8. Rinse the chicken thoroughly under running water to remove most of the salt.

  9. Place the chicken and the rest of the marinade into an oven proof casserole dish.

  10. Add in just enuff oil to submerge the chicken.

  11. *Do not overlap the chicken.*

  12. Cover tightly with aluminium foil.

  13. Wack into the oven and bake for at least 2.5 hrs or until the chicken is tender and almost fall apart.

  14. Remove from heat and set aside to cool completely.

  15. *This can keep in fridge for up to a month.*

  16. *Do not discard anything as they are needed for the next process.

  17. The oil is bursting with flavors, why waste it? It will be awesome for deep frying or sauteing.*

  18. After the chicken has cooled, in a skillet over medium heat, drizzle in 2 TBSP of the chicken oil.

  19. Gently place in the chicken.

  20. *Careful as the oil may splatter.*

  21. Sear until crisp golden brown on both sides.

  22. Set aside to allow the chicken to rest.

  23. *Do not wash the skillet.*

  24. Prepare the spice blend.

  25. In a blender, add the lemongrass, kaffir lime leaves and garlic from the confit.

  26. *You can squeeze the wonderful garlic out of it's skin.*

  27. Add in the chilies, galangal, tamarind paste, gula melaka and coriander powder.

  28. Blitz until smooth.

  29. Set aside.

  30. Prepare the curry.

  31. In the same skillet over medium heat, add onion.

  32. Sauteing and scrapping the bottom of the skillet, picking up all the wonderful goodness that the chicken had left behind.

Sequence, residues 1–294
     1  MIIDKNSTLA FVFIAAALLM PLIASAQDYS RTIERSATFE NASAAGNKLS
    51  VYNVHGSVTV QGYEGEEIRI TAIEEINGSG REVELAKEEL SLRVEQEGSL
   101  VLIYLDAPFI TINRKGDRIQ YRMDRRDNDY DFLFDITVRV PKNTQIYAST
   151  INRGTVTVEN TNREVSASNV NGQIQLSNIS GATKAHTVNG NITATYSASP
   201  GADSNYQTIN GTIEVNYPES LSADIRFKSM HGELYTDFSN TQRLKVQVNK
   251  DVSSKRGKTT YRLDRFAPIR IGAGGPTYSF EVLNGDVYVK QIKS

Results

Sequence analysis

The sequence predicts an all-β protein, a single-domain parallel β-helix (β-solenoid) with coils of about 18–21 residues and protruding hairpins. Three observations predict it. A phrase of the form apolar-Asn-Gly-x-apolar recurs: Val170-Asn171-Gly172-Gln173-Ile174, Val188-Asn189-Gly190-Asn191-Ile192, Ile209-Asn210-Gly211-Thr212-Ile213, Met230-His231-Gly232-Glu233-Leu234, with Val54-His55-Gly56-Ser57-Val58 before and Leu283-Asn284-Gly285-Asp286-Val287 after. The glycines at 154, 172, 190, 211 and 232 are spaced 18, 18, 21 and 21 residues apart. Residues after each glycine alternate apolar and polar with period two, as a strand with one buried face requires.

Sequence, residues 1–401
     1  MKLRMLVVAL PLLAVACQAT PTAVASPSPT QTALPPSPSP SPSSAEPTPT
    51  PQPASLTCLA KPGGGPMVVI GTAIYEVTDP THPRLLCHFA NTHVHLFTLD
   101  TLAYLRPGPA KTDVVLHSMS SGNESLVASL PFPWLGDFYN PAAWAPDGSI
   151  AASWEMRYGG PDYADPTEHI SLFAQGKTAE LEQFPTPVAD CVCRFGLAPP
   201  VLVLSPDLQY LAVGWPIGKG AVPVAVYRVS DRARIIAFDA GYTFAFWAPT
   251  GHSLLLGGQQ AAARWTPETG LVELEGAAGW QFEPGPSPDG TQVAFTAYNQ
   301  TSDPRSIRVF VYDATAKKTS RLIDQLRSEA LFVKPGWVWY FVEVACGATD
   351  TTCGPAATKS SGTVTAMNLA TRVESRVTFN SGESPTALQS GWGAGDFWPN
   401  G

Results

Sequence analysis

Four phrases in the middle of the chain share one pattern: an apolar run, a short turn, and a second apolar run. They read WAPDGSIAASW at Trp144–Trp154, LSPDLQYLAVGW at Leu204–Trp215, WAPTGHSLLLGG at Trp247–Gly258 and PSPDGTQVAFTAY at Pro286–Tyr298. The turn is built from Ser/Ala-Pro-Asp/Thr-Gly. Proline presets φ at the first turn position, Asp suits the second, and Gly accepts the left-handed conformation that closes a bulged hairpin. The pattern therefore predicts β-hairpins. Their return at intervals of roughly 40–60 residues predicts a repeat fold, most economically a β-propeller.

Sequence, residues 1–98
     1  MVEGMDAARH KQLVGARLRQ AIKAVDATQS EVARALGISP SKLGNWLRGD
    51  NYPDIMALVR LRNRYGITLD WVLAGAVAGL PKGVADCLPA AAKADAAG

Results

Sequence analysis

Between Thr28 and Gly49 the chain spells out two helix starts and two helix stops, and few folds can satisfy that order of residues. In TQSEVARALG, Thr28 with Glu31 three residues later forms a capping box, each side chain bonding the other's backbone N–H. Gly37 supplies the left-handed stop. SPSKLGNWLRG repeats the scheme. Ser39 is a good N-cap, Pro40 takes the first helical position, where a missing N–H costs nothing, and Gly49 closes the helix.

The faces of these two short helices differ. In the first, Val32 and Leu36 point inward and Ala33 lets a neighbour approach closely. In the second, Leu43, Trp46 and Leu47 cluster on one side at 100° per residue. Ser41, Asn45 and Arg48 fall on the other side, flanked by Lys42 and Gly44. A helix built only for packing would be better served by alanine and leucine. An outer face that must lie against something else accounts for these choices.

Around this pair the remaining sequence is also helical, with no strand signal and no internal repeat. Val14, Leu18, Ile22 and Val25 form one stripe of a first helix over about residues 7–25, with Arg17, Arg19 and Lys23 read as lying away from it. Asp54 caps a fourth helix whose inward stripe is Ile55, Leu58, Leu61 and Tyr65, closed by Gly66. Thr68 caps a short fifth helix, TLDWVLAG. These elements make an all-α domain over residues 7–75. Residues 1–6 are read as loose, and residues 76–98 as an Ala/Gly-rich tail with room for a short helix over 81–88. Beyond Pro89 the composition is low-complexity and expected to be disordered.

33. Saute until translucent.

  34. Add in the spice blend.

  35. *Do not wash the blender.*

  36. Saute to combine well and until it starts to turn a darker shade of red.

  37. Add coconut milk into the same blender.

  38. Blitz to pick up all the nooks and crannies.

  39. Transfer the coconut milk into the skillet.

  40. *Still, do not wash the blender yet.*

  41. Stir until well combined.

  42. Bring it up to a slow simmer.

  43. Continue simmering for about 1 min.

  44. Add in mango, lime juice and zest.

  45. Taste and adjust for seasoning with salt.

  46. Stir to combine well.

  47. Transfer the curry back into the blender.

  48. Blitz until smooth.

  49. Transfer back into the same skillet.

  50. *You can add a bit of water into the blender to blitz up all the nooks and crannies, then add it into the curry. You can now wash the blender.*

  51. Add the chicken and whatever amazing juices that had been released into the curry.

  52. Bring it up to a slow simmer.

  53. At this point you can add in the boiled potatoes, cover and simmer for about 1 or 2 mins.

  54. *Boiling the potatoes separately will not overcook the chicken and the curry.

  55. But if you want the same plating as mine, finely slice the potatoes. Using a cookie cutter to cut out round discs. Draw the circumference of your plate on a parchment paper. Place the parchment paper on a baking tray, penciled side down. Lay the potatoes discs along the circumference, overlapping one another. Drizzle some of the chicken oil over the potatoes. Lightly season with salt. Place another parchment paper over the potatoes. Place a heavy oven proof plate over the potatoes. This is to make sure that the potatoes will adhere. Wack into a preheated 200 degree celsius or 400 fahrenheit oven and bake for about 20 to 25 mins or until golden brown and fork tender. Remove from oven and carefully transfer onto serving plate.*

  56. To serve.

  57. Transfer the chicken, curry and potatoes onto serving plate.

  58. Serve with some slices of soft Vietnamese baguette roll.

  59. Garnish the curry with coriander.

  60. Serve immediately.

#curry #singapore #chicken